It is pretty apparent during a public speech whether or not the speaker really cares about the material, the ideas and his audience.  The caring speaker is enthusiastic, genuine, smiles a lot, and the real emotion shows through.  The audience feels the caring.

Nobody cares how much you know until they know how much you care.

Okay, enough of that, I’m going fishing!

Written and Posted by: John R. Childress

Senior Executive Advisor on Leadership, Culture and Strategy Execution Issues,
Business Author and Advisor to CEOs
Visiting Professor, IE Business School, Madrid

e: john@johnrchildress.com
Twitter @bizjrchildress

Read John’s blog,  Business Books Website

On Amazon: LEVERAGE: The CEO’s Guide to Corporate Culture

Read  The Economist review of LEVERAGE
Also on Amazon:   FASTBREAK: The CEO’s Guide to Strategy Execution

John also writes thriller novels!

 

Posted in consulting, ecosystems, flyfishing, John R Childress, leadership, Life Skills, Self-improvement | Tagged , , , , , , , , , | 3 Comments

World Class Tennis and Strategy Execution

There is no strategy without execution, and there is no execution without leadership.

Several decades ago the wooden Dunlop Maxply racket was the only racket to have. A famous squash player said in an advertisement: “Without my Dunlop Maxply, I might as well use a flyswatter”.  The Maxply dominated in tennis as well.  The wooden Dunlop Maxply accompanied Borg and McEnroe to Finals Day at Wimbledon many times.

But times have changed. Today’s graphite and composite rackets have taken racket sports to unprecedented levels. Like never before, pinpoint control, flaming power and gentle finesse are possible with these new technology rackets. And the players are different as well.  They are much fitter, follow rigorous scientific training regimes and adhere to nutrition plans formulated by sports physicians. Their shoes and clothes have been developed by leading scientists and engineers.

In the world of business, things have also changed, especially the pace of technology and
the rapid increase in global competition, all demanding the very best from the company and the leadership team. And strategic planning, once just an exercise of gathering last year’s numbers and adding 10%, is now highly rigorous with SWOT analysis, Porter’s Five-forces, scenario planning, emerging market analytics, pricing theories, Emergent and Disruptive strategies, and numerous other analytical and systematic approaches to developing the best strategy.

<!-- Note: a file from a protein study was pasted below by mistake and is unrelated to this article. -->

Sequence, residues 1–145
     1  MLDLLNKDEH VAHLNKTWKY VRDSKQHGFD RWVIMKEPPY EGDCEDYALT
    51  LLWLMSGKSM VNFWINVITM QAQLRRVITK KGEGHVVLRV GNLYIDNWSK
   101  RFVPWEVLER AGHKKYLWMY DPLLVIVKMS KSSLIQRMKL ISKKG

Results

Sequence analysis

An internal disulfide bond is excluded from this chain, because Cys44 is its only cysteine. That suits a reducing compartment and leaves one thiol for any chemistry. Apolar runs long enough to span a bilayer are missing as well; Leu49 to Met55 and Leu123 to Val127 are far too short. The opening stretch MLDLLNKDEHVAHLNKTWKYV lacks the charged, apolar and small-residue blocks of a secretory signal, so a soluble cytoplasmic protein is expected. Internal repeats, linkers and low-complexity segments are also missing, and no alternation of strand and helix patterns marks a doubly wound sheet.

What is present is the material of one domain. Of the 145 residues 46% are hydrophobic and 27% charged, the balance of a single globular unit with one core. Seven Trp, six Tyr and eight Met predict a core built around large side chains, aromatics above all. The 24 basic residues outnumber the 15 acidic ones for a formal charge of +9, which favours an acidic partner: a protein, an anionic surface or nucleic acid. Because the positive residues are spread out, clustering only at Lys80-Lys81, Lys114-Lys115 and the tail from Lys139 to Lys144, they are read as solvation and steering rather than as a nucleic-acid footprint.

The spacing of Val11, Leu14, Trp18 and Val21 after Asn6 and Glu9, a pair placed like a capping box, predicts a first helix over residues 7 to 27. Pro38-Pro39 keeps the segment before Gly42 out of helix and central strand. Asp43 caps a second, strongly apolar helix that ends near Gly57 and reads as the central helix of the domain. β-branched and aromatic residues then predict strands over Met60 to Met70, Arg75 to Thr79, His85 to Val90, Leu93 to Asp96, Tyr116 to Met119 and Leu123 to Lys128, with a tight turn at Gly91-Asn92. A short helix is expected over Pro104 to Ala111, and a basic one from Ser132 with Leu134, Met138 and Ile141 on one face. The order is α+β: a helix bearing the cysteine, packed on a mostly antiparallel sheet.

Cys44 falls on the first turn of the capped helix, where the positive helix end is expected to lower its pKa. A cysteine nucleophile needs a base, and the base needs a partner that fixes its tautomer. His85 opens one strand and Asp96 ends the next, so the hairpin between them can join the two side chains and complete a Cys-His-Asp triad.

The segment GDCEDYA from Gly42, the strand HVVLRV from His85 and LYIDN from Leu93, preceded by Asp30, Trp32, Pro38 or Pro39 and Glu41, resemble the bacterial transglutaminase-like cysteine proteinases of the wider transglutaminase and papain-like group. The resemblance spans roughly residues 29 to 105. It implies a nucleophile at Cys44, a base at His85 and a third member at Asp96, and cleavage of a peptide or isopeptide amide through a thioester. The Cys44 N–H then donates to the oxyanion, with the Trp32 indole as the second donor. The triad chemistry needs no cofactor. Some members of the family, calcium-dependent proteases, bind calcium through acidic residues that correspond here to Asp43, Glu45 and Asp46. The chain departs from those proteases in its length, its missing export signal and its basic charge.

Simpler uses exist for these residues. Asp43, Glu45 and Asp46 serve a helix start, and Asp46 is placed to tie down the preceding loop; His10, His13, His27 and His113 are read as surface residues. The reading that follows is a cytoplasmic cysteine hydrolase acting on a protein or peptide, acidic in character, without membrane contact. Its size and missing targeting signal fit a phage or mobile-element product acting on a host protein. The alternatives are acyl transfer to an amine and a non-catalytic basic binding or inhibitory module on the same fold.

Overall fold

But in terms of strategy execution, most organizations are still playing with the wooden Dunlop Maxply.  The statistics are alarming; most strategies fail, not because of poor strategy, but because of poor execution.  When a CEO is fired, 70% of the time it is for failing to deliver on the strategic objectives they promised the board and the market.  And most execution failures are the result of executives and managers spending more time focusing on their functional objectives than the overall strategic objectives.  An organizatinal disease commonly called “heavy silo focus”.

For the past several years we have been introducing our clients to a new, integrated strategy execution process that breaks down the silo-based culture by organizing and focusing the entire company on the successful delivery of strategic objectives. This robust process helps build a culture of execution and accountability and represents the best chance  organizations have of executing at pace against their strategy. The process is detailed in a book called: FASTBREAK: The CEO’s Guide to Strategy Execution.

Those of us of a certain age probably have a soft spot for the original Dunlop Maxply. Maybe one day we’ll have a sentimental attachment to the old silo-based ways of business planning and execution. But in today’s changing and competitive global marketplace, unless you have a robust business process in place that focuses on execution, you really might as well play with a flyswatter!

Written and Posted by: John R. Childress

Senior Executive Advisor on Leadership, Culture and Strategy Execution Issues,
Business Author and Advisor to CEOs
Visiting Professor, IE Business School, Madrid

e: john@johnrchildress.com
Twitter @bizjrchildress

Read John’s blog,  Business Books Website

On Amazon: LEVERAGE: The CEO’s Guide to Corporate Culture

Read  The Economist review of LEVERAGE
Also on Amazon:   FASTBREAK: The CEO’s Guide to Strategy Execution

John also writes thriller novels!